Wednesday, April 23, 2008

The Declaration of Arbroath & The American Declaration of Independence

Several people have pointed out the parallels between the Declaration of Arbroath (1320) and the American Declaration of Independence (1776). Similarities are perhaps not surprising since of the governors from the thirteen signatory states, nine including Thomas Jefferson, were of Scots descent. The documents are from very different times, written in very different ways, but both enhance the power and rights of the people. Arbroath, written at the abbey of the same name (below), airs for the first time the radical idea that a king is only king for as long as he protects the freedoms of his people.

Fans of the Diana Gabaldon novels will remember that in Chapter 112 of 'A Breath of Snow and Ashes', her hero Jamie finds that he is spurred on to join the revolutionaries by his own stirring rendering of the well known lines from Arbroath, '... for, as long as but a hundred of us remain alive, never will we on any conditions be brought under English rule.'

Aye, and there's a good few that still get carried away with their anti-English rhetoric! Just the other day our First Minister, Alex Salmond, was telling his Scottish National Party conference that, 'we can make Westminster (UK Parliament) dance to a Scottish jig'. But the English are not particularly good dancers, let alone to Scottish music. Soon, I believe, it may be the English people who will be drawing up a Declaration of Independence. And this would be just as biased in favour of the larger nation as was the 1707 Act of Union!

Sunday, April 20, 2008

St Magnus Cathedral, Kirkwall

Vikings don't enjoy a great reputation as Christians or as builders. However in the 12th century, the Norse Earl Rognvald of Orkney brought master masons up from Durham to build a cathedral in honour of St Magnus, his uncle.

Magnus gives his name to Kirkwall's impressive cathedral and his spirit presumably inhabits the building; as does, at least in part, his body since during some renovation work in 1919, his skull, famously cleft by an axe for reasons too long to recount here, was found and still lies in a pillar of the building.

I was there on Friday and once again marvelled at this Romanesque masterpiece, where local red sandstone often alternates impressively with yellow stone from the isle of Eday. But my eye was taken by something else (well, it was pointed out by our excellent guide, Steve Nottage): a 'Mort Bord', in memory of a Robert Nicolsone.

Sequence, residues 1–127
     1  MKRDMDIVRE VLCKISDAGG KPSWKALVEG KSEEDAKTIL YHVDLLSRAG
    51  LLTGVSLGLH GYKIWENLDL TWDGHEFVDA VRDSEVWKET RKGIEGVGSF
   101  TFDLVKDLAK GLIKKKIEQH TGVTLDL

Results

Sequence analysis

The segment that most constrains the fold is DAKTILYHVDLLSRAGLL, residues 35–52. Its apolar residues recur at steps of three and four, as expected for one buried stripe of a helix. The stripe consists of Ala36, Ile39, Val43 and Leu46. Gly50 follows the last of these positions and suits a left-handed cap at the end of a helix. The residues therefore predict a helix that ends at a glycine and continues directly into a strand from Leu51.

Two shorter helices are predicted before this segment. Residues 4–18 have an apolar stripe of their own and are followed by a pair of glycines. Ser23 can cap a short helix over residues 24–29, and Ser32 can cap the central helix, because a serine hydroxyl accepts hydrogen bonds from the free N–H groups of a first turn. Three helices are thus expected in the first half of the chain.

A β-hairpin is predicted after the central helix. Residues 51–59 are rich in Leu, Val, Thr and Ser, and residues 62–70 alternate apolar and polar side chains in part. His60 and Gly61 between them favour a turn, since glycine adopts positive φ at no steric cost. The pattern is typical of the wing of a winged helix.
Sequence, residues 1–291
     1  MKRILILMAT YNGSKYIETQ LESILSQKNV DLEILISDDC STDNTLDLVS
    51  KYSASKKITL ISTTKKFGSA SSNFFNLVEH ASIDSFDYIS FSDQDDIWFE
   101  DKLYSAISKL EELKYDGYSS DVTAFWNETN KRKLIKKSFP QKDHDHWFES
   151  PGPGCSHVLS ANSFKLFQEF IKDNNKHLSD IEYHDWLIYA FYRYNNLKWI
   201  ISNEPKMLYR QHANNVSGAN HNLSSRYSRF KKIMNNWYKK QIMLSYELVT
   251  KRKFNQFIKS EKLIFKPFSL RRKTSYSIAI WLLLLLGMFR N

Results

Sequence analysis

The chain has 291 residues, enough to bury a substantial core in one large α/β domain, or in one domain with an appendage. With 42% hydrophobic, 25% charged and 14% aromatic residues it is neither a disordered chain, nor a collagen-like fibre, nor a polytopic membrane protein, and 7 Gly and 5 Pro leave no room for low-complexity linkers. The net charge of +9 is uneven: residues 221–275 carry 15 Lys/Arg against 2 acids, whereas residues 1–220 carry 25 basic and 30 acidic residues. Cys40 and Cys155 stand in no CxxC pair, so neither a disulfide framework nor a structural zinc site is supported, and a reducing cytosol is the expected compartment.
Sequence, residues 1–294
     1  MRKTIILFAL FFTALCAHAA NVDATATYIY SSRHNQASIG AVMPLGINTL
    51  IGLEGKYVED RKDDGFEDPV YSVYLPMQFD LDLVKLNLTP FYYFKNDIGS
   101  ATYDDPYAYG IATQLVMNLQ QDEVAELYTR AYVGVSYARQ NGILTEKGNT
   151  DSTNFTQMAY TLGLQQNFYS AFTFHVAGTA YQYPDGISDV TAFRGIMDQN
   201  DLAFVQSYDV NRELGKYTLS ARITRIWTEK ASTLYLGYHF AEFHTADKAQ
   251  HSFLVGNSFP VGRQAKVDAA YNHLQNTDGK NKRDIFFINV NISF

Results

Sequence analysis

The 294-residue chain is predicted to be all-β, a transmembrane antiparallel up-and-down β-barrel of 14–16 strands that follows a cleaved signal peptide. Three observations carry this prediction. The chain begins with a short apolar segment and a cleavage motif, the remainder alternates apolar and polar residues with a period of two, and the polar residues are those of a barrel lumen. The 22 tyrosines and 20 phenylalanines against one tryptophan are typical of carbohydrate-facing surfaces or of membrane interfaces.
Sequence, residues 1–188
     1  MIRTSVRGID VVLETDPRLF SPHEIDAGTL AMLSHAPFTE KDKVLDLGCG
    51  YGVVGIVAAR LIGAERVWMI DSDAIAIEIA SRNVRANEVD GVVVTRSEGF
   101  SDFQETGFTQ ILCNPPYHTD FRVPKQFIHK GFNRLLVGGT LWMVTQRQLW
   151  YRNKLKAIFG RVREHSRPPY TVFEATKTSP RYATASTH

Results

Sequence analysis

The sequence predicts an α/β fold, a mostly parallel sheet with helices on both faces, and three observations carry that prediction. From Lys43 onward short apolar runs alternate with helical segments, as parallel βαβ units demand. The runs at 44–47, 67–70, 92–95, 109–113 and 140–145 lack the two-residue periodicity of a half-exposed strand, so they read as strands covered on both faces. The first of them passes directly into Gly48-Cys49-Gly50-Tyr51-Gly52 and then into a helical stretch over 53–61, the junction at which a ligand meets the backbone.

I wonder if Robert was a rather 21st century person who thought gravestones to be grotesque, and preferred the idea of a wooden memorial which would return to dust in due course of time. If so it would be a shock that his 'bord' is still hanging there 400 years later. Mind you, it also seems a bit hard on St Magnus to have his skull still stuck in a pillar 800 years on. I'm sure he deserves better.

Wednesday, April 02, 2008

The Declaration of Arbroath and the Butler of Scotland

The letter sent by 38 Scots Lords to the Pope in 1320, contains a certain amount of whimsical stuff about the Pillars of Hercules and the Tyrrhenian Sea, but its ringing declaration of nationhood bears repeating:

"Yet if he (King Robert, 'The Bruce') should give up what he has begun, and agree to make us or our kingdom subject to the King of England or the English, we should exert ourselves at once to drive him out as our enemy and a subverter of his own rights and ours, and make some other man who was well able to defend us our King; for, as long as but a hundred of us remain alive, never will we on any conditions be brought under English rule. It is in truth not for glory, nor riches, nor honours that we are fighting, but for freedom - for that alone, which no honest man gives up but with life itself."

Amongst the names on the document we find 'Walter, Steward of Scotland; William Soules, Butler of Scotland; Gilbert Hay, Constable of Scotland; Robert Keith, Marischal of Scotland.
The hereditary titles of Steward, Constable and Marischal to the crown continued in use until the 18th century. But the title Butler of Scotland quickly fell out of use.

I became interested in the de Soulis family when I was doing a little research on Hermitage Castle. Whilst there are plenty Stewarts, Hays and Keiths living in Scotland today, I can discover no record of anyone called Soules or de Soulis - at least not one with a telephone. Kilmarnock boasts a Soulis Street and a Soulis Cross (left) but no living Soulises! If anyone out there can tell me more about this family who were once so prominent in the Scottish court, whose ancestor was one of 38 Scots Lords who signed the famous Declaration of Arbroath, I'd be delighted to hear more!